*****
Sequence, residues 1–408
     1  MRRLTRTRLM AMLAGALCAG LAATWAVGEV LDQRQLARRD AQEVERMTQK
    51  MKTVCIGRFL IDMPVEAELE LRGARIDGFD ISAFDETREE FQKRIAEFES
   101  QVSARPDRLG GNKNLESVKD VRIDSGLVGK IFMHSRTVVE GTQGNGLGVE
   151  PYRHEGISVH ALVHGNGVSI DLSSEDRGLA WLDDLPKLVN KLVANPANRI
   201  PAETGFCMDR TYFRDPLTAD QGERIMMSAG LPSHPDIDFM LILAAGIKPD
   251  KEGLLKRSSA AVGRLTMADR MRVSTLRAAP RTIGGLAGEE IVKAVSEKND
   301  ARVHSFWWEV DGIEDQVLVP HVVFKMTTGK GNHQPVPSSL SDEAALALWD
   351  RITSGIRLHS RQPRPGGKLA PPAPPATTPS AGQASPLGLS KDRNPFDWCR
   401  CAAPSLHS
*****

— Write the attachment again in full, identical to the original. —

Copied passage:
Sequence, residues 1–408
     1  MRRLTRTRLM AMLAGALCAG LAATWAVGEV LDQRQLARRD AQEVERMTQK
    51  MKTVCIGRFL IDMPVEAELE LRGARIDGFD ISAFDETREE FQKRIAEFES
   101  QVSARPDRLG GNKNLESVKD VRIDSGLVGK IFMHSRTVVE GTQGNGLGVE
   151  PYRHEGISVH ALVHGNGVSI DLSSEDRGLA WLDDLPKLVN KLVANPANRI
   201  PAETGFCMDR TYFRDPLTAD QGERIMMSAG LPSHPDIDFM LILAAGIKPD
   251  KEGLLKRSSA AVGRLTMADR MRVSTLRAAP RTIGGLAGEE IVKAVSEKND
   301  ARVHSFWWEV DGIEDQVLVP HVVFKMTTGK GNHQPVPSSL SDEAALALWD
   351  RITSGIRLHS RQPRPGGKLA PPAPPATTPS AGQASPLGLS KDRNPFDWCR
   401  CAAPSLHS